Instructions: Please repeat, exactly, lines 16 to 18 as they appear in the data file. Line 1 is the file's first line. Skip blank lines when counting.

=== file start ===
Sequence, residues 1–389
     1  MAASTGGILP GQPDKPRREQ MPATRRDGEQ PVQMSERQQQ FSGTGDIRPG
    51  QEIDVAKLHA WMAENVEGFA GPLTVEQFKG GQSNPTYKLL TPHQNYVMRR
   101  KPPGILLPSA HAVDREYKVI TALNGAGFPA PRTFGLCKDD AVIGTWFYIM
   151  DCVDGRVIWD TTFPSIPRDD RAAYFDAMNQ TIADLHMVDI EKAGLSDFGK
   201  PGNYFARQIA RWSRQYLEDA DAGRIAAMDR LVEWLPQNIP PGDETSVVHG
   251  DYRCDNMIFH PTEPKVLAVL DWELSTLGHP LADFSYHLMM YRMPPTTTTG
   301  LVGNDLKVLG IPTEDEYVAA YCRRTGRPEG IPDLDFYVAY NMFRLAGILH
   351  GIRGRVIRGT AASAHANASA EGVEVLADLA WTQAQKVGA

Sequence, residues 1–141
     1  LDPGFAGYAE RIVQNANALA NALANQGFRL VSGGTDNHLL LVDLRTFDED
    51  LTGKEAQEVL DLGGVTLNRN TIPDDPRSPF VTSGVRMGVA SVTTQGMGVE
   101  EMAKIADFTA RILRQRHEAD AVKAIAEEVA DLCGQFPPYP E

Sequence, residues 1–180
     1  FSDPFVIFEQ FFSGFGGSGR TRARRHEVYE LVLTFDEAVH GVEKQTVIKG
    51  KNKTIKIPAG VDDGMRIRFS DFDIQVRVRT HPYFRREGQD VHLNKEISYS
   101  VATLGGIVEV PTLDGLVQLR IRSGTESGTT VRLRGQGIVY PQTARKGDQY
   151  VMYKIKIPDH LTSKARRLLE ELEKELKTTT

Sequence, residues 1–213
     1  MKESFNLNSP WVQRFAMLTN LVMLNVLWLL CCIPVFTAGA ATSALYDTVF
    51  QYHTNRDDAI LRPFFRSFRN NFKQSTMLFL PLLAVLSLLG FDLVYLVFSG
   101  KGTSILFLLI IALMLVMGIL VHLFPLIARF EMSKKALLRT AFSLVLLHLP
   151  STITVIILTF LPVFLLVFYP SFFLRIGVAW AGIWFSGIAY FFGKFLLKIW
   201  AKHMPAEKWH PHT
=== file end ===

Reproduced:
    51  KNKTIKIPAG VDDGMRIRFS DFDIQVRVRT HPYFRREGQD VHLNKEISYS
   101  VATLGGIVEV PTLDGLVQLR IRSGTESGTT VRLRGQGIVY PQTARKGDQY
   151  VMYKIKIPDH LTSKARRLLE ELEKELKTTT